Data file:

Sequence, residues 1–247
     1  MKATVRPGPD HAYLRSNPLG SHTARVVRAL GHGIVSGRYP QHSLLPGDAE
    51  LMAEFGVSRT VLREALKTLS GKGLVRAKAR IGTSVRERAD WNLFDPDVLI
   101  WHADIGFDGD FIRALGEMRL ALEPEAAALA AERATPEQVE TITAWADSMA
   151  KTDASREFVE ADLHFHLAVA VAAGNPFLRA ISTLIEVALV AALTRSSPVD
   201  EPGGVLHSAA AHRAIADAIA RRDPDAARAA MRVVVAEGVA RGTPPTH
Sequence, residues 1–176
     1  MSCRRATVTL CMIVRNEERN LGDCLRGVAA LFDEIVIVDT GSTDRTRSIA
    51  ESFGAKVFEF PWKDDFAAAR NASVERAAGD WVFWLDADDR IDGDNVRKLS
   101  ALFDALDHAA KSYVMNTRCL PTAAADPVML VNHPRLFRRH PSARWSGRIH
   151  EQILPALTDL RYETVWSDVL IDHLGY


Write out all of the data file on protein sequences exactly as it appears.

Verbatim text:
Sequence, residues 1–247
     1  MKATVRPGPD HAYLRSNPLG SHTARVVRAL GHGIVSGRYP QHSLLPGDAE
    51  LMAEFGVSRT VLREALKTLS GKGLVRAKAR IGTSVRERAD WNLFDPDVLI
   101  WHADIGFDGD FIRALGEMRL ALEPEAAALA AERATPEQVE TITAWADSMA
   151  KTDASREFVE ADLHFHLAVA VAAGNPFLRA ISTLIEVALV AALTRSSPVD
   201  EPGGVLHSAA AHRAIADAIA RRDPDAARAA MRVVVAEGVA RGTPPTH
Sequence, residues 1–176
     1  MSCRRATVTL CMIVRNEERN LGDCLRGVAA LFDEIVIVDT GSTDRTRSIA
    51  ESFGAKVFEF PWKDDFAAAR NASVERAAGD WVFWLDADDR IDGDNVRKLS
   101  ALFDALDHAA KSYVMNTRCL PTAAADPVML VNHPRLFRRH PSARWSGRIH
   151  EQILPALTDL RYETVWSDVL IDHLGY